Welcome back and thanks for joining us as we continue the interesting (and admittedly very sad) subject of foster care in the U.S. and Michigan. So far we’ve looked at the challenges faced by early orphanages, the orphan trains out of New York city, and the very start of foster care in Michigan. In this last segment we’re planning to take a look at other important steps in the protection of children, including the development of the juvenile court and the social security act of 1935.
The development of the very first juvenile courts
The very first juvenile court in the U.S. was formed in Chicago in 1899. But by 1919 almost every state in the US had a juvenile court of its own. Although the early juvenile court was primarily interested in dealing with delinquent child (who broke the law), they were also given the jurisdictional ability to intervene when a child was being abused or neglected.
During the first twenty years of last century, the protection of children slowly shifted from being primarily handled by non-governmental agencies, to being the province of state leaders and legislators. But it was not until the Great Depression, when many charities and nonprofits went out of business, that the government stepped in and took over the protection of children across the U.S.
In the words of Douglas Falconer, a social worker working during the 1930s, “For many years responsibility for child protection was left almost entirely to private agencies …. Great sections of child population were untouched by them, and in many other places the service rendered was perfunctory and of poor standard …. The belief has become increasingly accepted that if children are to be protected from neglect, the service must be performed by public agencies.”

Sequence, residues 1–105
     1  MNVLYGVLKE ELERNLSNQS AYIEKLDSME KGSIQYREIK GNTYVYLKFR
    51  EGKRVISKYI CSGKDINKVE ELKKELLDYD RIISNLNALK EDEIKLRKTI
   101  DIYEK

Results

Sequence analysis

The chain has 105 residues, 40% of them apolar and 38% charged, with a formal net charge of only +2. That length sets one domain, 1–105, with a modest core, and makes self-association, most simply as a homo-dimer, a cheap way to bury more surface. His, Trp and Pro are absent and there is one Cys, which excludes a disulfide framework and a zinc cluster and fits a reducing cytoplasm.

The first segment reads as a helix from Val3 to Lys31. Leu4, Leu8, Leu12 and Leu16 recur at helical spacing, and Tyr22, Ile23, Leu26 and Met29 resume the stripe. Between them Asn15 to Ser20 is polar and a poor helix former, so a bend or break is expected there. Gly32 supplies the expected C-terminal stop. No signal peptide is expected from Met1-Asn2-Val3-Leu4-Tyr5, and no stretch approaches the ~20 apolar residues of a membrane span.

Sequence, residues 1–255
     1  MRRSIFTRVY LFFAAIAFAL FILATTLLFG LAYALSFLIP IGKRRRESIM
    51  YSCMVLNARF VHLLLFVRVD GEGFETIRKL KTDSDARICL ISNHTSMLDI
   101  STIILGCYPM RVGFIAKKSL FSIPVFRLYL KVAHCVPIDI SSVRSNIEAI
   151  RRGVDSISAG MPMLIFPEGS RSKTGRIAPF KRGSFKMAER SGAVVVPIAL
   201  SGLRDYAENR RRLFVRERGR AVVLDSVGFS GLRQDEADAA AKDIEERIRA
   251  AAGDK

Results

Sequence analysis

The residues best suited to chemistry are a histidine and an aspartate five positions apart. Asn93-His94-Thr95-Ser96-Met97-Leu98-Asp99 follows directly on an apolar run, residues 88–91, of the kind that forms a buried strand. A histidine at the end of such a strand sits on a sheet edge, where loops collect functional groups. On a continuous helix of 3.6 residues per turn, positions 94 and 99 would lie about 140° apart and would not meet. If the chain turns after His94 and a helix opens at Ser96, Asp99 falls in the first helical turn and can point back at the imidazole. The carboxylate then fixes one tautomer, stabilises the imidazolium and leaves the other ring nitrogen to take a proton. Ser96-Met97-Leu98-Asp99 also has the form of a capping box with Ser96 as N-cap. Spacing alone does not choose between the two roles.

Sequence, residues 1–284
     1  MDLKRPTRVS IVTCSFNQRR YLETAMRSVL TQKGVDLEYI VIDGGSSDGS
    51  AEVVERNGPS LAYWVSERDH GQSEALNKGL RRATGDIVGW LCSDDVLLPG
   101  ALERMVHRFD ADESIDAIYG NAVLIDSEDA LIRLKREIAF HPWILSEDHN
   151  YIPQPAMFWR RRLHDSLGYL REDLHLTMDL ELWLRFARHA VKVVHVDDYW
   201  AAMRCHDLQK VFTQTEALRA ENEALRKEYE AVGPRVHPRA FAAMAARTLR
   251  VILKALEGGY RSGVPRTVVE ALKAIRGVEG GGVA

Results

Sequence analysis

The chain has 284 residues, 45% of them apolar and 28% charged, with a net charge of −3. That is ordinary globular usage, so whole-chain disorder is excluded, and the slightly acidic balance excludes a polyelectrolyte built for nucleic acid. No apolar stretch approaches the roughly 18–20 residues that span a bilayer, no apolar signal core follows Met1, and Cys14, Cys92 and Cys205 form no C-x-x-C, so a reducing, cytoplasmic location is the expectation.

When there was no one else, the federal government stepped in…
In 1935, when there was almost no private or nonprofit agency left with any funding, the federal government passed the Social Security Act of 1935, which began the process of providing resources to states to provide for child welfare. Included in that act was a provision that allowed the Children’s Bureau the right to “cooperate with state public-welfare agencies in establishing, extending, and strengthening, especially in predominantly rural areas, [child welfare services] for the protection and care of homeless, dependent, and neglected children, and children in danger of becoming delinquent.”
However the issue of homeless, abused and neglected children was still an issue twenty years later. In 1956, Vincent De Francis, then director of the Children’s Division of the American Humane Association, conducted an inventory of child protectives available around the country. Given that there had been 300 nongovernmental agencies handling child protection at the turn of the century, he was startled to discover that only 84 agencies remained. In fact, a total of 34 of the 50 states had no nongovernmental child-protective services of any kind, and only local and state governments were left to deal with the problem.
CPS is not an agency with a long history in the U.S.
By the mid 1950s CPS still didn’t exist. Police and the burgeoning juvenile court was left to deal with most child abuse and neglect cases. Because it was often considered a “private” or “family” matter, many cases went unnoticed or simply ignored. Join us next time, when we will be wrapping up this series with a look at the development of CPS and how it impacted child protection in the U.S. and Michigan.
Until then, if you or a loved one have had a run-in with CPS and you’re worried about losing your children to foster care, call The Kronzek Firm at 866 766 5245. Our skilled child abuse and neglect defense attorneys are here to help!